LJ Friedman  Nov 2014 Vista,   Northern  San Diego, CA

Jesse and majestic ‘s Case History 
Jesse's Photos

 


Re: vit e,

LJ Friedman
 

This is a perfect example of how we often get incorrect information from suppliers. When we bring our comments to the group ,we get the actual way it works in real life.
--
LJ Friedman  Nov 2014 Vista,   Northern  San Diego, CA

Jesse and majestic ‘s Case History 
Jesse's Photos

 


Re: Advice on New Blood Work, Please

 

Lindsay, a number of us mentioned his feet in this thread so I would take to heart Lorna’s suggestion on that issue.  My experience with caring for my own collection of PPID horses is that they’ve all been different in terms of how the PPID symptoms respond to pergolide.  I spent a lot of brain power trying to make correlations and my frustration seemed to be the primary result.
--
Martha in Vermont
ECIR Group Primary Response
July 2012 
 
Logo (dec. 7/20/19), Tobit(EC) and Pumpkin, Handy and Silver (EC/IR)

Martha and Logo


 
 


Re: New to all of this.

 

Hi Kandace,
As Kirsten said, be careful of over feeding ‘K’ as she is not thin.  Also, I would consider a sway back, as you mentioned for ‘J’, to be an indication of PPID.  It sounds like you are developing a good understanding of what we’re about and decreasing their ACTH levels with pergolide will most likely help a lot.  Remember that PPID is a progressive disease and they may each need more than one Prascend tablet.  We recommend retesting three weeks after starting pergolide, but not sooner.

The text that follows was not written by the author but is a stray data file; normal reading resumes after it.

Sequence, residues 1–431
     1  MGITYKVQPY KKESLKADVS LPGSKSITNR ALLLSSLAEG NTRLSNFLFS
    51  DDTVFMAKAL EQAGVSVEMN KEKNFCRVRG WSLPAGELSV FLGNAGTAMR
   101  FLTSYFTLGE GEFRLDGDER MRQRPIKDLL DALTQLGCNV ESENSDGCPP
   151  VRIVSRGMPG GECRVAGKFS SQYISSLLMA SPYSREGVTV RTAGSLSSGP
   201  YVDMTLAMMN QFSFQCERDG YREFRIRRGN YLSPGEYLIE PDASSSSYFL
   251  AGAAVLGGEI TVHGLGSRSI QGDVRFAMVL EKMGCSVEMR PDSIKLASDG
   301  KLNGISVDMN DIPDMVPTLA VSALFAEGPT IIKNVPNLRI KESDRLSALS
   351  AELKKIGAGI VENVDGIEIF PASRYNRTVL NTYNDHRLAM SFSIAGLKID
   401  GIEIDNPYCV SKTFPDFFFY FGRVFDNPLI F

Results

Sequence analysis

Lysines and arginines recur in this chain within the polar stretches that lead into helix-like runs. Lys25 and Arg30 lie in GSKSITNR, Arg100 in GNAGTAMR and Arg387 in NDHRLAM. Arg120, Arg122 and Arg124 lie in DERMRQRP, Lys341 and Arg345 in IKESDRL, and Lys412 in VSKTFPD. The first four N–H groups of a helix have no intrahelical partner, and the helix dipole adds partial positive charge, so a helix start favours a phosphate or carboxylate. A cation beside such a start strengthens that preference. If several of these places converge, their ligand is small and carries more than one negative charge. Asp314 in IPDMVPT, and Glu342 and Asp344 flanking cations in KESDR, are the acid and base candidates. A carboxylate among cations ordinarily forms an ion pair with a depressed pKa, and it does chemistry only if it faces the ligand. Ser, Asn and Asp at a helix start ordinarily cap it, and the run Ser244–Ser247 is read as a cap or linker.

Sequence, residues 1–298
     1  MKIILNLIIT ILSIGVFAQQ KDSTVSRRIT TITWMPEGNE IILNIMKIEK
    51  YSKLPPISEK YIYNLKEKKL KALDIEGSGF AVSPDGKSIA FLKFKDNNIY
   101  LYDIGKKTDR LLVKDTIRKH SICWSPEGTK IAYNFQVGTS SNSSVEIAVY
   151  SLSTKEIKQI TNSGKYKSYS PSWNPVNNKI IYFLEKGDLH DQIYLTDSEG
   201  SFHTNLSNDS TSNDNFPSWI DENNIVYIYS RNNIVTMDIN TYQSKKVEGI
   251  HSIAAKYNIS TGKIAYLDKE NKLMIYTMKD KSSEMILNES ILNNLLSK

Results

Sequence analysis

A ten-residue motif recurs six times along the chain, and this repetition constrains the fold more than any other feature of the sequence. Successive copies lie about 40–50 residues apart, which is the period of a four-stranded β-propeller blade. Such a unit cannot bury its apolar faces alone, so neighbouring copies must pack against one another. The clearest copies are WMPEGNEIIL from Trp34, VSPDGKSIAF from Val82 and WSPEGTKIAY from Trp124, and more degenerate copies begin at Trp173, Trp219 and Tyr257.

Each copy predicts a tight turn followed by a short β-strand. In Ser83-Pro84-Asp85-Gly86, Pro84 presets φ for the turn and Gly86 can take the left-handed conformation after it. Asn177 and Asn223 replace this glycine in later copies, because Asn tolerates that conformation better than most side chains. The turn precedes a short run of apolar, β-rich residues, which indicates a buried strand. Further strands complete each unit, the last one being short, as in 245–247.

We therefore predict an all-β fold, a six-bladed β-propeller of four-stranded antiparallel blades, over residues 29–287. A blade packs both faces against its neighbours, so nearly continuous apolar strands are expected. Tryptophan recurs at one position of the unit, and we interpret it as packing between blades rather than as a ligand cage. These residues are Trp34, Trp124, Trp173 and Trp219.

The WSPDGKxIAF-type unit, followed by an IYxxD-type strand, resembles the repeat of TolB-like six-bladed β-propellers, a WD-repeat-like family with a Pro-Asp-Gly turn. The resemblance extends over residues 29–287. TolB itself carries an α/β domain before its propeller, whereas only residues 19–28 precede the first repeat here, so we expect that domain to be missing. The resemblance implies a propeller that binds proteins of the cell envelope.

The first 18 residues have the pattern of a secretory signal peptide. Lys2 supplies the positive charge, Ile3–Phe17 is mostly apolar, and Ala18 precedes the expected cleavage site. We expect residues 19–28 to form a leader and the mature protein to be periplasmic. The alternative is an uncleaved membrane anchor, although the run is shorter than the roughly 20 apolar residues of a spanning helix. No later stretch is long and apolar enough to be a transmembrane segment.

You may need to ask about MgOx at the feed store as they may have to special order.  50# is not a particularly large bag as it’s pretty dense stuff.
--
Martha in Vermont
ECIR Group Primary Response
July 2012 
 
Logo (dec. 7/20/19), Tobit(EC) and Pumpkin, Handy and Silver (EC/IR)

Martha and Logo


 
 


Re: Karo Test

Caroline
 

So, good news then, thank you. 
--
Caroline
Spalding, Lincolnshire, UK
September 2019
https://ecir.groups.io/g/CaseHistory/files/Caroline%20and%20Evan
https://ecir.groups.io/g/CaseHistory/album?id=231916


Re: New to all of this.

Kirsten Rasmussen
 

Hi Kandace,

I believe Feed Store to your Door in Edmonton sells the Ontario Dehy cubes, and as the name implies they deliver/ship.  You might be close enough to pick up a few bags yourself though.  They are great for older horses that quid because once soaked they turn into a soft mash that doesn't need much chewing and is already mineral balanced.

Your hays are all within our typical safe range, so I'm surprised K is laminitic.  Her high ACTH may be driving the insulin up, but was she also on pasture or grain when she was tested?  Fat pads over the eyes are a classic sign of high insulin, which your bloodwork confirmed.  When these go away and her crest gets smaller and softer you'll know you are getting her EMS under control.  Her BCS is very common with EMS as these horses have trouble self-regulating their food.  I suspect once her PPID is controlled you'll find she needs strict dietary management to keep her insulin down, too.   It's hard to develop an eye for good body weight when we are so used to seeing chubby horses as normal all around us, but with an EMS horse you want to aim for a BCS of 4.5 where ribs are just barely visible.